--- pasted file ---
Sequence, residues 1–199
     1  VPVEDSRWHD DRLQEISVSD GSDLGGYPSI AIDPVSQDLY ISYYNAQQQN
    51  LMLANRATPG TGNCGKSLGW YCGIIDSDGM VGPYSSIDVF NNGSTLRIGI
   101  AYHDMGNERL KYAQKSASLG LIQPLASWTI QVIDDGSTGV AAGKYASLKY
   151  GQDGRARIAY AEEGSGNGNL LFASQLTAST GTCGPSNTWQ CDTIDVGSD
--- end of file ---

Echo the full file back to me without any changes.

Sequence, residues 1–199
     1  VPVEDSRWHD DRLQEISVSD GSDLGGYPSI AIDPVSQDLY ISYYNAQQQN
    51  LMLANRATPG TGNCGKSLGW YCGIIDSDGM VGPYSSIDVF NNGSTLRIGI
   101  AYHDMGNERL KYAQKSASLG LIQPLASWTI QVIDDGSTGV AAGKYASLKY
   151  GQDGRARIAY AEEGSGNGNL LFASQLTAST GTCGPSNTWQ CDTIDVGSD